My two children transferred to this school from another district out-of-state. They loved their teachers here and made decent progress, though they both thought their classes were too easy (and I was a little concerned when teacher handouts had spelling and grammar mistakes). Sadly, the parent community at the school is toxic and I was especially appalled by the nastiness and immaturity of those associated with fundraising. I was similarly disappointed with the principal's lack of professionalism. It's important to me to support my children's school, both on a financial and volunteer basis, but these people thoroughly poisoned our experience there. I had high hopes for this school but it's back to the private school system for us.
—Submitted by a parent


Posted September 10, 2012

I whole heartedly agree with the parent reviewer on Sept 8, 2012. Park Hill is a great school for learning, but has the diversity and neighborhood feel on top of it all. I have been extremely pleased with every teacher my daughter has had, from K-3rd and believe her learning has soared. My kindergartener is just starting out,but I suspect great things as her class has the teacher, a paraprofessional and a college childhood education student. You don't get that in-class room support int he subburban schools.
—Submitted by a parent


Posted September 8, 2012

I am a parent of two children both of whom attended Park Hill from K-5 and are now 7th and 9th graders. I am happy to say that they both had a great school experience at Park Hill-- they were well prepared for middle school and easily joined with other kids from higher ranked schools and performed at the same level. My 9th grade daughter is now in high school with many kids who went to places like Bromwell or Ebert and there is no discernible difference in their readiness for high school work. So I am very glad we went to our neighborhood school and the kids learned with a variety of learners and a variety of backgrounds-- a slice of real Denver rather than a school with 99% white, high-achieving students...
—Submitted by a parent


Posted March 30, 2011

As a parent and a staff member, I KNOW that Park Hill School is a great place. Children are held to high standards academically and are loved.
—Submitted by a teacher


Posted February 9, 2011

My daughter has been at PH for 3 years and has had an amazing experience. Every one of her teachers has greatly exceeded our expectations and she feels safe and loved by teachers and administration alike. Parents here are highly involved and make this school even better because of it. We are lucky to have such an amazing neighborhood school!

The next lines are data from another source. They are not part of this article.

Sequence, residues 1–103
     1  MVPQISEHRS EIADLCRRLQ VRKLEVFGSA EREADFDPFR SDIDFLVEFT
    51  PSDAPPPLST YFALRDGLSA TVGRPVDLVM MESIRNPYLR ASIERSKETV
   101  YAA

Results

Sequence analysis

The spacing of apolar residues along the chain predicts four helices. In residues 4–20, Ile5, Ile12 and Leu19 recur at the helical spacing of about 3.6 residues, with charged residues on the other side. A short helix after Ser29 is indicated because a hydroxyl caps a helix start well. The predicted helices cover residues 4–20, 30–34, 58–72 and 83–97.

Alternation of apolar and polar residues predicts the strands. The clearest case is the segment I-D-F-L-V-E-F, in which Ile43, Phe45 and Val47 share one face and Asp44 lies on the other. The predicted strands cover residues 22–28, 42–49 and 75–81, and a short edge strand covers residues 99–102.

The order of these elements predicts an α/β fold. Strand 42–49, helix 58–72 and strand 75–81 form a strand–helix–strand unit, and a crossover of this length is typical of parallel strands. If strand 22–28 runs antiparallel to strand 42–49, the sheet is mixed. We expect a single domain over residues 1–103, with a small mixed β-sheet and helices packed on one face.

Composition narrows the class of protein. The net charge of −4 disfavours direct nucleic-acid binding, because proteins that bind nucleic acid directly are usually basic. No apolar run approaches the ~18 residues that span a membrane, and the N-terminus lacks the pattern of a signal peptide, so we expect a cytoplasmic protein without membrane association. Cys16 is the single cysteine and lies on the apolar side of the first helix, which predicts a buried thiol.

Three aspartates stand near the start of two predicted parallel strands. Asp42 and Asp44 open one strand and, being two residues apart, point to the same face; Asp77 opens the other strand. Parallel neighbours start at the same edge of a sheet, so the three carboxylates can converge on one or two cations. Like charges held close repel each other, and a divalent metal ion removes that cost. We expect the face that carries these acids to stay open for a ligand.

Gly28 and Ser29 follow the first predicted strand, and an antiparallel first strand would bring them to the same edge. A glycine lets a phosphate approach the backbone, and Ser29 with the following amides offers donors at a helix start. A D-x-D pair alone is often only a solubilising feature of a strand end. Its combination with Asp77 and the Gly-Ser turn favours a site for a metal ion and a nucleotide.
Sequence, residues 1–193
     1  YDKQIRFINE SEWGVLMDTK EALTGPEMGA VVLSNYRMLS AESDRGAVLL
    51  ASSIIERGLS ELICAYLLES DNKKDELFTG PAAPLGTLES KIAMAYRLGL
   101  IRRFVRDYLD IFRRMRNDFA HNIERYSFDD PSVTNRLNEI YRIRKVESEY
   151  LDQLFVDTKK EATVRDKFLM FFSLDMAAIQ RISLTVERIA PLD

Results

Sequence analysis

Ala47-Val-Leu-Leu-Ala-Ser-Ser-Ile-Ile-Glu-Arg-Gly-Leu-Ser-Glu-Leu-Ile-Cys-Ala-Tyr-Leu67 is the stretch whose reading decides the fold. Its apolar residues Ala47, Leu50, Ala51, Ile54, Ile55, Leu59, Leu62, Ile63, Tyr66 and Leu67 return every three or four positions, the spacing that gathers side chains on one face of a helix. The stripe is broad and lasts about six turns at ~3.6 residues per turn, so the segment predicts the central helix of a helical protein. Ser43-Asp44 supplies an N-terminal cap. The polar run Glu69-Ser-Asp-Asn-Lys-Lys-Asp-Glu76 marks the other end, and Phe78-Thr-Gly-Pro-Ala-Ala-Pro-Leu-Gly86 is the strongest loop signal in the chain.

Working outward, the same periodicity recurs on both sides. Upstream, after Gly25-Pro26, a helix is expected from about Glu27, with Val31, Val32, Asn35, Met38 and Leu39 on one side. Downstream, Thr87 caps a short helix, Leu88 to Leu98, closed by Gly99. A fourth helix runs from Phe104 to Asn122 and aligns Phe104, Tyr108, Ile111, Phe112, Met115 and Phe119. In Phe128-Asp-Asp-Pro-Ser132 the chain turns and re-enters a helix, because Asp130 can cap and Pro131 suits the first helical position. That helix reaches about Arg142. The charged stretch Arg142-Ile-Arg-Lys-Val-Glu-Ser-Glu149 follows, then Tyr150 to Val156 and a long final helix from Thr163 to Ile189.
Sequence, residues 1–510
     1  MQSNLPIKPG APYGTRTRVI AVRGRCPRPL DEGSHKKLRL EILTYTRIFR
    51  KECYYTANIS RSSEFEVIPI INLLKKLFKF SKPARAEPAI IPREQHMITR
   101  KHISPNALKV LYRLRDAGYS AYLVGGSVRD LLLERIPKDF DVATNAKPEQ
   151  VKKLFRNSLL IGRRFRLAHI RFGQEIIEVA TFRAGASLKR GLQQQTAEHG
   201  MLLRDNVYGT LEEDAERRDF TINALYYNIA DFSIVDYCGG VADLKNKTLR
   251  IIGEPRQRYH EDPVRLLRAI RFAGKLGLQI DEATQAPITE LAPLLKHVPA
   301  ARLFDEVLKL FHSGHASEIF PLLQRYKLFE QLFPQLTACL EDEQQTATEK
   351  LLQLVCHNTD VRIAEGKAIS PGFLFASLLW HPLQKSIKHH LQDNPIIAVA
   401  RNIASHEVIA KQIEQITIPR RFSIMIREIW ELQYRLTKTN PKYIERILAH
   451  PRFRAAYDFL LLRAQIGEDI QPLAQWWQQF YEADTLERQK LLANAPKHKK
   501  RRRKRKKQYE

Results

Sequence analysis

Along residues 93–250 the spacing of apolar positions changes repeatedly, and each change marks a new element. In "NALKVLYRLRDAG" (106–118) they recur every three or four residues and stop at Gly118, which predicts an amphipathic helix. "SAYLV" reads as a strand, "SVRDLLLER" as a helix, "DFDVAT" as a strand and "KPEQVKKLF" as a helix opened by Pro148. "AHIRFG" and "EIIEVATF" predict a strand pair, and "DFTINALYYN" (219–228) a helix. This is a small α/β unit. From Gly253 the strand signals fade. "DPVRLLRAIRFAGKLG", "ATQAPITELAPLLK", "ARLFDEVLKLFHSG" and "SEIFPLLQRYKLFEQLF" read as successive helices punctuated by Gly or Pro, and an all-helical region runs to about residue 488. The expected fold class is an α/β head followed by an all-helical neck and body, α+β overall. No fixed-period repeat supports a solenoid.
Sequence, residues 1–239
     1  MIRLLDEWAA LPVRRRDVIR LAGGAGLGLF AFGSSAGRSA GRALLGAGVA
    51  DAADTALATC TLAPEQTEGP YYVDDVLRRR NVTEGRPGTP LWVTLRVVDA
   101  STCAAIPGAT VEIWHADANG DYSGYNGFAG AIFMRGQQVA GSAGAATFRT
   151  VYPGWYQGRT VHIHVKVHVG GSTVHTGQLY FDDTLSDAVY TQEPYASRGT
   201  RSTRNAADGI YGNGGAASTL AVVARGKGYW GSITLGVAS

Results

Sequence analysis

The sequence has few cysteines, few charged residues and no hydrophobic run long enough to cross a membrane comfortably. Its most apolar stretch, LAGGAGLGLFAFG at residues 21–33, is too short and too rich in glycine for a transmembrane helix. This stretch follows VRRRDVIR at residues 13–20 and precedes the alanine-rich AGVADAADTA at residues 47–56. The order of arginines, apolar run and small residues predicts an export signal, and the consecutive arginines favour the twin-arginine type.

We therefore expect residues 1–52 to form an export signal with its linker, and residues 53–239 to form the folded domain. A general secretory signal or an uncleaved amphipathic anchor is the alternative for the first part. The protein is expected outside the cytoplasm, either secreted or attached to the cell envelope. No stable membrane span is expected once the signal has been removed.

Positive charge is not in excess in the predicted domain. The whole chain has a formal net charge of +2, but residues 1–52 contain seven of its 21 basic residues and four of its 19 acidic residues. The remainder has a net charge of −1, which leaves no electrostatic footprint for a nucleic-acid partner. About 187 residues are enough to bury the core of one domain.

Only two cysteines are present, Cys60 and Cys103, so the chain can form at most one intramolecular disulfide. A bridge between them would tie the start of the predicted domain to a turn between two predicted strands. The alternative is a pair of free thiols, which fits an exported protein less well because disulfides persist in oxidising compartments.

—Submitted by a parent


Posted July 23, 2010

My children attended Park Hill Elementary for the past four years. I was fairly involved in school activities and the classroom. My opinion and experience is that they have some great teachers there and they have some that I would consider mediocre. Parent involvement and volunteering is what MAKES this school. But in the four years we were there I saw some things within the administration that was concerning and alarming. First off, police are there all the time. This is an elementary school in an affluent neighborhood. I would suspect that there is a disproportionate amount calls to the crime rate of the neighborhood. The school touts its diversity but in the end, the principal has made many decisions that leave out those minority students. I love the school, the teachers, the parents. I REALLY question the administration. Glad we have left.
—Submitted by a parent


Community ratings and reviews do not represent the views of GreatSchools nor does GreatSchools check their accuracy or verify the reviewers' identities. Use your discretion when evaluating these reviews.

About these ratings

The Community Rating is the school’s average rating from its community members (e.g., parents, students, and school staff). The highest possible rating is five stars; the lowest is one star.

The test results by subgroup show how the designated group of students is performing in comparison to the general population.
Math

The state average for Math was 72% in 2013.

83 students were tested at this school in 2013.

2013

 
 
72%

2012

 
 
65%
Reading

The state average for Reading was 73% in 2013.

83 students were tested at this school in 2013.

2013

 
 
77%

2012

 
 
75%
Writing

The state average for Writing was 51% in 2013.

83 students were tested at this school in 2013.

2013

 
 
68%

2012

 
 
64%
Scale: % proficient or advanced

About the tests


In 2012-2013 Colorado used the Transitional Colorado Assessment Program (TCAP) to test students' skills in reading, writing and mathematics in grades 3 through 10, and in science in grades 5, 8 and 10. The TCAP is a standards-based test, which means it measures how well students are mastering specific skills defined for each grade by the state of Colorado. The goal is for all students to score at or above proficient on the test. The TCAP replaced the CSAP as Colorado's state assessment program effective for the 2011-2012 school year.

Source: Colorado Department of Education

Math

The state average for Math was 72% in 2013.

95 students were tested at this school in 2013.

2013

 
 
69%

2012

 
 
76%
Reading

The state average for Reading was 68% in 2013.

95 students were tested at this school in 2013.

2013

 
 
72%

2012

 
 
72%
Writing

The state average for Writing was 53% in 2013.

95 students were tested at this school in 2013.

2013

 
 
61%

2012

 
 
62%
Scale: % proficient or advanced

About the tests